Judge weighs jury $289 million Monsanto verdict

Bottles of Roundup herbicide a product of Monsanto are displayed on a store shelf in St. Louis

Bottles of Roundup herbicide a product of Monsanto are displayed on a store shelf in St. Louis

She also questioned whether the evidence in the first trial actually supported the jury's conclusion that Bayer was liable for the plaintiff's non-Hodgkins lymphoma based on his exposure to glyphosate, the key ingredient in Roundup.

But on Wednesday, San Francisco Superior Court Judge Suzanne Bolanos made a tentative ruling that could nix that $250 million punitive award and prompt a new trial.

In a written ruling, Bolanas said the plaintiff "presented no clear and convincing evidence of malice or oppression to support an award of punitive damages". In her tentative ruling, issued ahead of that hearing, the judge addressed Monsanto's two motions -- one for a new trial and one for judgment notwithstanding the verdict. She said the evidence wasn't there to award $250 million in punitive damages.

A spokeswoman for Baum, Hedlund, Aristei & Goldman, whose partner R. Brent Wisner won the August 10 verdict, declined to comment until after the hearing. Wisner represented plaintiff Dewayne "Lee" Johnson, a former school groundskeeper diagnosed with non-Hodgkin lymphoma in 2014 after using Monsanto's herbicide Ranger Pro.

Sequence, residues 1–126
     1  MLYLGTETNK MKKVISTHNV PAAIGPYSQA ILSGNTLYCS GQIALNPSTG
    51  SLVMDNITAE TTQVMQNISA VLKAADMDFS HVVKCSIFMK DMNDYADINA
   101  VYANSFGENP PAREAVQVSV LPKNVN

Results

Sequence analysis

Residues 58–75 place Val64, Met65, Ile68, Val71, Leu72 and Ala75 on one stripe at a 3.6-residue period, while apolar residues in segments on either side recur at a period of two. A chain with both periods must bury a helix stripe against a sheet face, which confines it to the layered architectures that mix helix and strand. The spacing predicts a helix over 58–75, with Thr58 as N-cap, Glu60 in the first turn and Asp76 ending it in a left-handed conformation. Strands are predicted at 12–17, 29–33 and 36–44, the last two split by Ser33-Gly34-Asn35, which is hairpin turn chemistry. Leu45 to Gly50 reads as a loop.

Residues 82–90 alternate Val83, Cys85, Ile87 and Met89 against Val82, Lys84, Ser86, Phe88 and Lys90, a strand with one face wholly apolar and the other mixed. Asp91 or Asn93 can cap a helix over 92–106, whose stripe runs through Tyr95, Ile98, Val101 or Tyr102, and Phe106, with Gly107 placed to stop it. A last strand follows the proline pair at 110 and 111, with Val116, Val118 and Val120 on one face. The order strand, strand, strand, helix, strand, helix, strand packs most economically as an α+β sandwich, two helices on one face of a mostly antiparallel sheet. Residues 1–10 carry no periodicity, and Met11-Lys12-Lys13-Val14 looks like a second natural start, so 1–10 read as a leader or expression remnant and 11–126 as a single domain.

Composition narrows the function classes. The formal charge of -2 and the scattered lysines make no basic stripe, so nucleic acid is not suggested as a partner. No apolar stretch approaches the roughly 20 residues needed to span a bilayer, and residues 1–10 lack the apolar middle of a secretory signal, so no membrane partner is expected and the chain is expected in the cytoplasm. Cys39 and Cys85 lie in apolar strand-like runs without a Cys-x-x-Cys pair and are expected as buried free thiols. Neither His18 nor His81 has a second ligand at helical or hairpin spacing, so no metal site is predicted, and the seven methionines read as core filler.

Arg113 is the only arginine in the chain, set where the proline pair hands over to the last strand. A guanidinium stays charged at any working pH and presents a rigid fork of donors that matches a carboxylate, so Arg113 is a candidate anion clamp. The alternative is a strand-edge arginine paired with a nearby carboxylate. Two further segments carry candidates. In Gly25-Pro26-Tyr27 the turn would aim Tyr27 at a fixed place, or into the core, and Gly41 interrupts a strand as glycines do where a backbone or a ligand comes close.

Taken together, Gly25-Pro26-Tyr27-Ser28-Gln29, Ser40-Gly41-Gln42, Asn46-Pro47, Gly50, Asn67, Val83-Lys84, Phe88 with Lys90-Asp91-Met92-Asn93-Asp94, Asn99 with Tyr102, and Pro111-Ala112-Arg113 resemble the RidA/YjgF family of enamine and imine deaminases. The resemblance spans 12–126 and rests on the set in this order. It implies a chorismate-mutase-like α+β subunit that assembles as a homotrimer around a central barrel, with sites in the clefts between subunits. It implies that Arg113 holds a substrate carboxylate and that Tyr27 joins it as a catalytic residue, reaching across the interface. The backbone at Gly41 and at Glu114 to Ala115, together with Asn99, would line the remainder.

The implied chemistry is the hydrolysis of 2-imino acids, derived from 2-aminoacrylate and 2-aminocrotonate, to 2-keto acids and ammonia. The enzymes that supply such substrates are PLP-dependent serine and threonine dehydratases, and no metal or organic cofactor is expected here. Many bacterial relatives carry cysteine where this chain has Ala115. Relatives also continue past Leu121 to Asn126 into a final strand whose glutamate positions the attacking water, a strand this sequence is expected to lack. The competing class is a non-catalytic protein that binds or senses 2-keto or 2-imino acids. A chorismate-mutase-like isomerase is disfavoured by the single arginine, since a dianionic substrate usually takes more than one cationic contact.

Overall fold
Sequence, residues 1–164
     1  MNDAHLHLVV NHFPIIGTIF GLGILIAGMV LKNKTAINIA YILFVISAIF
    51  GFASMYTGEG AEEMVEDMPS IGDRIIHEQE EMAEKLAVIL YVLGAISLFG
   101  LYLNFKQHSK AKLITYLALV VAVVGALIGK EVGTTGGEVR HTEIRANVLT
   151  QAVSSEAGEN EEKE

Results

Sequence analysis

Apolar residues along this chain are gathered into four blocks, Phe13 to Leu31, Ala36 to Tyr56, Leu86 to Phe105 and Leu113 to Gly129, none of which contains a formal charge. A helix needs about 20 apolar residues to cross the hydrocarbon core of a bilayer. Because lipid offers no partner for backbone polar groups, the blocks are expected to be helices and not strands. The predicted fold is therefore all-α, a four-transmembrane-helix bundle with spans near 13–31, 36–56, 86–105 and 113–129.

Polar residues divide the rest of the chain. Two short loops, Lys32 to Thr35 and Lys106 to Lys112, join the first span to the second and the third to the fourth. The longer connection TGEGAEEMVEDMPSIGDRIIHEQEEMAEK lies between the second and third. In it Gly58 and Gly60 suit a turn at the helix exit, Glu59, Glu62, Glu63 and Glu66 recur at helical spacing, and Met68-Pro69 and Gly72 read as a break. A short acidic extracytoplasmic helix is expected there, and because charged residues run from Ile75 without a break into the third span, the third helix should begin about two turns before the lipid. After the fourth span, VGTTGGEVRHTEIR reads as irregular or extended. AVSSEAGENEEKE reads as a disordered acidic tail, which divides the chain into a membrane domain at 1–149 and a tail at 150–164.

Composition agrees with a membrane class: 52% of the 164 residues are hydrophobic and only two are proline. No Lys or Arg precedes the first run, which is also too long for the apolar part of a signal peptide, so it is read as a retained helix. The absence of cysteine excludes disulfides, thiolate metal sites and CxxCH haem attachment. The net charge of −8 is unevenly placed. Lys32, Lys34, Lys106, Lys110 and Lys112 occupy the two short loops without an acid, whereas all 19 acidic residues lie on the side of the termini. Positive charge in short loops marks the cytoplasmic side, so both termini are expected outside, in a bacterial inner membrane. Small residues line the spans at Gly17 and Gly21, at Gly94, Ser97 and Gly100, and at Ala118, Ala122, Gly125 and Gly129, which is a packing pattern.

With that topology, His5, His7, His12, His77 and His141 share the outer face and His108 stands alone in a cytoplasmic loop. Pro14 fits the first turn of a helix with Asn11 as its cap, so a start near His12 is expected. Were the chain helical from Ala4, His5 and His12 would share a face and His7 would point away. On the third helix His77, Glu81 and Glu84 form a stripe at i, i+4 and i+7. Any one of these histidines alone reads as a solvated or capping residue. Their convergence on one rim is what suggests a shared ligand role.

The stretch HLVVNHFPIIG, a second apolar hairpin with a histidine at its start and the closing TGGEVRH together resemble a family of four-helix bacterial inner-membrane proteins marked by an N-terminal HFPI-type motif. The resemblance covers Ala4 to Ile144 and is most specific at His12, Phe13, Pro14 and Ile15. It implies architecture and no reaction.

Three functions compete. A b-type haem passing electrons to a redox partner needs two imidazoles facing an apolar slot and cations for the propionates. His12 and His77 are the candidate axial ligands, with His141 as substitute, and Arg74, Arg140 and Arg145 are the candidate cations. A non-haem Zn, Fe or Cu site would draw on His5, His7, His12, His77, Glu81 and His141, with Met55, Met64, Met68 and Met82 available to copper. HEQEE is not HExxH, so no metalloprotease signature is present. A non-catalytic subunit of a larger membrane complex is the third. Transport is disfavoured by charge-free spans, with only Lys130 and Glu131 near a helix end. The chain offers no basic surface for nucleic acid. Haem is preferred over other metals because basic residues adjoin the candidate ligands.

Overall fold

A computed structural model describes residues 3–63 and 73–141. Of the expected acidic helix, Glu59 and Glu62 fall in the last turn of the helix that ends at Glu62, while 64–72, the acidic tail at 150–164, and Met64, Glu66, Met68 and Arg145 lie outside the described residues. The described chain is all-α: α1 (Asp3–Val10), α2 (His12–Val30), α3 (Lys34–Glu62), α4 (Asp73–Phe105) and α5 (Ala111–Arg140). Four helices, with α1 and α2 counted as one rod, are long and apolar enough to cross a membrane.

In motions filed after the historic August verdict, Monsanto, urged the judge to strip the $250 million punitive portion of the damages, arguing that a new trial was justified. Attorneys for the company say Johnson failed to prove that Roundup or similar herbicides caused his lymphoma and presented no evidence that Monsanto executives were malicious in marketing Roundup.

What happens with Johnson's case doesn't just affect him - it could set a precedent for more than 4,000 similar cases awaiting trial in federal or state courts.

Plaintiffs responded with opposition papers on October 1. The judge also suggested she may reduce the rest of the award by $31 million if she upholds the jury's decision that Monsanto's weed-killer caused DeWayne Johnson's cancer.

Bolanos tentatively granted Monsanto's request for a JNOV - a judgment notwithstanding verdict.

The tentative order told lawyers to be prepared at the hearing to discuss other arguments, including those addressing liability.

The plaintiff, Dewayne Johnson, was the first among 8,700 people in the US who have made similar cancer claims against Monsanto, which is now owned by Germany's Bayer.

Litzenburg said Johnson is still expecting to get $39 million in compensatory damages, though he "hasn't seen a dime" of that yet because that award is being appealed by Monsanto.

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